The 555 timer IC was invented in 1970 by company called Signetics who bought the idea from an engineer named Hans Camenzind. This wasn't a breakthrough concept, just 23 transistors and a handful of resistors would function as a programmable timer. The timer was versatile, stable, and simple, but these virtues paled in comparison with the circuits primary selling point. Using the emerging technology of integrated circuits, Signetics reproduced the entire circuit on a silicon chip. Camenzind spent weeks using a drafting table and a specially mounted X-Acto knife to scribe his circuit into a large plastic sheet. Signetics then reduced this image photographically, etched it into tiny wafers , and embedded each wafer in half an inch of rectangular plastic with the product number printed on top. Thus, the 555 was born.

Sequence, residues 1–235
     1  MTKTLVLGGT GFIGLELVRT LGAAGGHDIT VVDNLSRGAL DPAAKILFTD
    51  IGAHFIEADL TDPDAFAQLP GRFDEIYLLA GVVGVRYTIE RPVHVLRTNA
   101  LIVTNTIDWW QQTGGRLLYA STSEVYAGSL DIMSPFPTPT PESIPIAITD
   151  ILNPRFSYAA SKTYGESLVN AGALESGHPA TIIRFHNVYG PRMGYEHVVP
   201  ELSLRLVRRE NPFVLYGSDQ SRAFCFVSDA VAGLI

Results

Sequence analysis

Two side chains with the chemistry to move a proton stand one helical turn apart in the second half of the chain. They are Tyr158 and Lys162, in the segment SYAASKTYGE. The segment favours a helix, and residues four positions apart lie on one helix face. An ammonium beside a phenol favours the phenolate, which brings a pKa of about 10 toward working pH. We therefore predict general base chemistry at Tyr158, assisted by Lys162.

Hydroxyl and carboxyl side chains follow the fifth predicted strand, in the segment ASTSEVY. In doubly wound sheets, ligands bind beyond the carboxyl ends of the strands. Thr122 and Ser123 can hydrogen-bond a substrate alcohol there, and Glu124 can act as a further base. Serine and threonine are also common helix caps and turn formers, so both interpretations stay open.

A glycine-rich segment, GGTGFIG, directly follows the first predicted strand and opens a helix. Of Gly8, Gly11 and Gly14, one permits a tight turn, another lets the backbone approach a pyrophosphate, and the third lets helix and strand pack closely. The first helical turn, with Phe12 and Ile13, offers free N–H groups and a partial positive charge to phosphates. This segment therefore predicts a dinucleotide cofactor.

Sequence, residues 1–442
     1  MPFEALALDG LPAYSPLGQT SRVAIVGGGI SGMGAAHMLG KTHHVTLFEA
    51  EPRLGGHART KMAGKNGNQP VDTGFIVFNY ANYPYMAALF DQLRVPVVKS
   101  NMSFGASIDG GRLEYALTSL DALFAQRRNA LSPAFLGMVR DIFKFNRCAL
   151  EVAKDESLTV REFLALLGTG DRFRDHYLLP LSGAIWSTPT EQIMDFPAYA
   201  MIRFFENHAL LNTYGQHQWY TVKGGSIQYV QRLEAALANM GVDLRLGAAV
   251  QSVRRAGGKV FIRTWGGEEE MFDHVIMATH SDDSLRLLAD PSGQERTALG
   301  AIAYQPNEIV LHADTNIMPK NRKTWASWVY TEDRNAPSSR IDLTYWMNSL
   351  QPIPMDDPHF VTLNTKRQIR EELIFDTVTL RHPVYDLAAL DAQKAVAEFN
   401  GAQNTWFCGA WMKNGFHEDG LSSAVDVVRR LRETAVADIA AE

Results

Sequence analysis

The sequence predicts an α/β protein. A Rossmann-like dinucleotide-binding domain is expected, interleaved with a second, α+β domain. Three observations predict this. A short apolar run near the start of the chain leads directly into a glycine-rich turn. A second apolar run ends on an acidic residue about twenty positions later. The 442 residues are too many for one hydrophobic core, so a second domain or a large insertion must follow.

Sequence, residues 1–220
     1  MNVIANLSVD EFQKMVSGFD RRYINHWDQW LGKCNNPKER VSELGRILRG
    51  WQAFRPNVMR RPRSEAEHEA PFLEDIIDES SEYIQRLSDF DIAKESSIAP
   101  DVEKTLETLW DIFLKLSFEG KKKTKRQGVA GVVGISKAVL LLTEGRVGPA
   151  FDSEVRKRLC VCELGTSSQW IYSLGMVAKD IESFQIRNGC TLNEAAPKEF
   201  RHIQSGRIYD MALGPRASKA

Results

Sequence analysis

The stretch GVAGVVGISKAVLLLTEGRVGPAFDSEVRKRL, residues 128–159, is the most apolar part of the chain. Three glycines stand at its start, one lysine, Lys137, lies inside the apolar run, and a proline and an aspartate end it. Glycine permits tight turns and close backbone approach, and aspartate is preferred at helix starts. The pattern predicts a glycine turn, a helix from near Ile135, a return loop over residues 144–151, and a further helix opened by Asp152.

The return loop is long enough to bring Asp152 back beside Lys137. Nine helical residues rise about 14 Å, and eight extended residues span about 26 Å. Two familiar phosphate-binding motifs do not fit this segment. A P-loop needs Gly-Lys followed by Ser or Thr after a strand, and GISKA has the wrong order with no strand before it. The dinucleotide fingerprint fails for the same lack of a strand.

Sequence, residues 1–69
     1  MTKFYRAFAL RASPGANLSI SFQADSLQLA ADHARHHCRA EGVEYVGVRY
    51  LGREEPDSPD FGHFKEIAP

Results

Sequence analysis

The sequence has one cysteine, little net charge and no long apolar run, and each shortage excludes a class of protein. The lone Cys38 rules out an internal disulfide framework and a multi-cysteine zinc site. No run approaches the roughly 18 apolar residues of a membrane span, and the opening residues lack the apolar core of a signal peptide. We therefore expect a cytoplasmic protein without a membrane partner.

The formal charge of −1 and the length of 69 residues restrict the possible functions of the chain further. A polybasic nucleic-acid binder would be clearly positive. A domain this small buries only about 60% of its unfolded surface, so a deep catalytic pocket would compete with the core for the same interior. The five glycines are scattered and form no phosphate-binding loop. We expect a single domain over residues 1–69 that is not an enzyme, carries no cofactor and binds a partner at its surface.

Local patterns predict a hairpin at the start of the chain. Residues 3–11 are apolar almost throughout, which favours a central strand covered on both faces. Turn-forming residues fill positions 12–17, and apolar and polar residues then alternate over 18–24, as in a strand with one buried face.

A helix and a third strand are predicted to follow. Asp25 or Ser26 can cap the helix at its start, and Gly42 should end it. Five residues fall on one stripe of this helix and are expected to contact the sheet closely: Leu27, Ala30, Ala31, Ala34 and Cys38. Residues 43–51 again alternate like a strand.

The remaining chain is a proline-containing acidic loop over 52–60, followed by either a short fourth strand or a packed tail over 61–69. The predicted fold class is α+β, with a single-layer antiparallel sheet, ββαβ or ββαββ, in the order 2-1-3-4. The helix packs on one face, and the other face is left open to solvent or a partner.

It turned out to be the most successful chip in history, in both the number of units sold (tens of billions and still counting) and the longevity of its design which has been unchanged for almost 50 years. The 555 has been used everywhere from toys to spacecraft. In the year 2008 a single one of these chips could be bought for only 25 cents.